Figure 2
Chemokines during physiological lymphocyte homing to secondary lymphoid organ. (a) Multistep adhesion pathways of T and B cells in the microcirculation of peripheral lymph nodes and Peyer's patches microcirculation. After l-selectin-mediated tethering ...

Chemokine requirements for B cell entry into SLO differ slightly from T cells. B cell integrin activation relies on both CCR7 and CXCR4 in PLN HEV.43 CXCR5 and its ligand CXCL13 are additionally involved in integrin activation in PP HEV (Fig. 2a) and B cell homing to MLN.43,45 CXCL13 is also found by immunohistology on most PLN HEV, but its physiological significance is as yet unclear.45 Interestingly, PP HEV display subset preference during lymphocyte recruitment: whereas T cells arrest predominantly in T cell area-associated PP HEV, B cells accumulate preferentially in follicle-associated HEV.43,46

Arrested lymphocytes cross the endothelial lining and transmigrate into underlying lymphoid tissue by poorly characterized mechanisms which may depend, at least in part, on shear forces exerted by blood.12,47 CCL19 and CCL21 expressed in the T cell area attract or retain T cells in this microenvironment, whereas B cells accumulate in B cell follicles, where CXCL13 is produced by FDC (Fig. 2a).3 Importantly, a subset of CD4 cells also expresses CXCR5 which allows them to migrate towards B cell follicles and provide B cell help (see below). In PP, CXCR4–/– B cells home to B cell follicles but were also found in adjacent lamina propria, arguing for a role of CXCR4 in B cell retention inside follicles.48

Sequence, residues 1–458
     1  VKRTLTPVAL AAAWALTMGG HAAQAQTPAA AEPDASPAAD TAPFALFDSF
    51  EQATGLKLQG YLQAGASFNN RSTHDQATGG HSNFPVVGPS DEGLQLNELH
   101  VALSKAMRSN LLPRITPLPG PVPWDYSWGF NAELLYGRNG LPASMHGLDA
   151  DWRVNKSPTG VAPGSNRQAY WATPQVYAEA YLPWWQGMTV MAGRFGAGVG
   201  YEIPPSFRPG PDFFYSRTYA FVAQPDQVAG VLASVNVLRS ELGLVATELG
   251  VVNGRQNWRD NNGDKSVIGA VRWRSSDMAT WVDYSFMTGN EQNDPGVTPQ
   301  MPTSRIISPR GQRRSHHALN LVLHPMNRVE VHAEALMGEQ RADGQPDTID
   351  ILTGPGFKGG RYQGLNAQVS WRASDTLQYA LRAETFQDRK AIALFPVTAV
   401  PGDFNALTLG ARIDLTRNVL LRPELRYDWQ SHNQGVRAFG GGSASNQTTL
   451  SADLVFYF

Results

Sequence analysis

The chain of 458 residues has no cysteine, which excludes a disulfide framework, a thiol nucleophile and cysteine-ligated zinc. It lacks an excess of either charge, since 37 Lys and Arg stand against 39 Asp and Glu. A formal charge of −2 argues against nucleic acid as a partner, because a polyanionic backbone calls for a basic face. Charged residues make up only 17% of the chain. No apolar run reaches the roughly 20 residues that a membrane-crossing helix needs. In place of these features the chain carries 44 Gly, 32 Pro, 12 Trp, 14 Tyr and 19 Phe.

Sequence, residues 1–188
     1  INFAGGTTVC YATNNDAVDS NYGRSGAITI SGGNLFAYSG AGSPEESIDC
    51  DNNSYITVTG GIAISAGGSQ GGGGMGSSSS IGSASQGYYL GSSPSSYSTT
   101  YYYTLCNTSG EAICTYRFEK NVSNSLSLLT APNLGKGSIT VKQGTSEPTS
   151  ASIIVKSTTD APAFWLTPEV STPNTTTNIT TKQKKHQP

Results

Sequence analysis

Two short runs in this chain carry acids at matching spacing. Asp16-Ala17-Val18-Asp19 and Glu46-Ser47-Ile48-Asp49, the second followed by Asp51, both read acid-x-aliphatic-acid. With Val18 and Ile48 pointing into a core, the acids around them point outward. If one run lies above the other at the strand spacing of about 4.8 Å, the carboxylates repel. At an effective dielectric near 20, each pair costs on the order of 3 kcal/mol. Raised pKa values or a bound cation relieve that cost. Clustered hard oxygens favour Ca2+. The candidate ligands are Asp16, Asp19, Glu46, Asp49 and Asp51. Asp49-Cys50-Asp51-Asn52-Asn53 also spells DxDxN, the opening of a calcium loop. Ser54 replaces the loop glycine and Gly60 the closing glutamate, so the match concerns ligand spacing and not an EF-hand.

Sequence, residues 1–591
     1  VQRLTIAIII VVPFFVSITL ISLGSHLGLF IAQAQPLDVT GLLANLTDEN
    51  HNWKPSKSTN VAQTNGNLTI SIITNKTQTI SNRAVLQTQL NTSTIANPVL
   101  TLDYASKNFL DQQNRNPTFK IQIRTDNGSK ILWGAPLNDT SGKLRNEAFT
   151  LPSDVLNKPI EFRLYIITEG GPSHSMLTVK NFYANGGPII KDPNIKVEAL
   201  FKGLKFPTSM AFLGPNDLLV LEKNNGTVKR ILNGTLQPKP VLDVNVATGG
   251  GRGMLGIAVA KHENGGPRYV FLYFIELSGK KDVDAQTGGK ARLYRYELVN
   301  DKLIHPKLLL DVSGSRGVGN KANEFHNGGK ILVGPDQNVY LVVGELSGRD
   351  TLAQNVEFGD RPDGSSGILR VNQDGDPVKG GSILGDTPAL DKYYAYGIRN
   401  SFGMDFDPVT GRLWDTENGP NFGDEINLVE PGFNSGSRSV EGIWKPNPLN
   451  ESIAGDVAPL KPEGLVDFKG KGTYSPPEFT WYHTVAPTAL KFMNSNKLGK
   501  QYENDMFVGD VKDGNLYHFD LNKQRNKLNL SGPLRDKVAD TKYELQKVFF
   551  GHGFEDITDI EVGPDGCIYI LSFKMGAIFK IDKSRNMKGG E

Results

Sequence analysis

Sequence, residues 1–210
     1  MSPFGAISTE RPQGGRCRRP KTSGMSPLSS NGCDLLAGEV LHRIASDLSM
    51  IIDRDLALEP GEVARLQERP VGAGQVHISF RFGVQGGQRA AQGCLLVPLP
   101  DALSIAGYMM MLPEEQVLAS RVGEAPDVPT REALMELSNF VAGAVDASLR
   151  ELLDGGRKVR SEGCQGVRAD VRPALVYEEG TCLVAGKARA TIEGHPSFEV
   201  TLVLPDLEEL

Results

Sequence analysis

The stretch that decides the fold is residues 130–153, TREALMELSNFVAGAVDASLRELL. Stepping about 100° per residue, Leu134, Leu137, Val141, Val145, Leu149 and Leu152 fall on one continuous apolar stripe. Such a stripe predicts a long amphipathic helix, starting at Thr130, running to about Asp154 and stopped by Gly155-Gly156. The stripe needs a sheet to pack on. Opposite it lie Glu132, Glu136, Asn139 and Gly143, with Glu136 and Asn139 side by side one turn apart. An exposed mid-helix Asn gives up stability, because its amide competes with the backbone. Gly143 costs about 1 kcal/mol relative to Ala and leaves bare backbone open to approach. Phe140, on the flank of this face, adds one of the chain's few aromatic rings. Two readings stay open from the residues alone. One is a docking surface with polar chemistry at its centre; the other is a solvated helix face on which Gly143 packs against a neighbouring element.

In contrast to HEV-containing SLO, T and B cells entering spleen are passively released in sinuses of the marginal zone (MZ) and red pulp (Fig. 2b). From there, lymphocytes are attracted by CCR7 ligands, and possibly other CKR such as CXCR5, into splenic white pulp, usually entering at the border between T cell area and B cell follicles (Fig. 2b).3 B cell migration into white pulp is integrin-dependent, whereas integrin-independent pathways exist in T cells.18 In adoptive transfer experiments, both subsets accumulate first in the T cell area (1 hr after i.v. injection) from where B cells migrate into CXCL13-expressing B cell follicles (after 2–4 hr).49 CXCR5–/– B cells fail to form proper follicles and accumulate instead around the T cell area, probably attracted with low efficacy by CCR7 ligands.50

A role for CXCR4 during B cell homing to spleen was investigated further using B cell-restricted CXCR4 mutant mice. CXCR4-deficient B cells still accumulated in splenic B cell follicles although, unexpectedly, the authors did not observe in vitro migration towards CXCL13·48 It is currently unclear whether other CKR, such as CCR6, may mediate follicular localization of B cells under these circumstances.

Interstitial lymphocyte migration and egress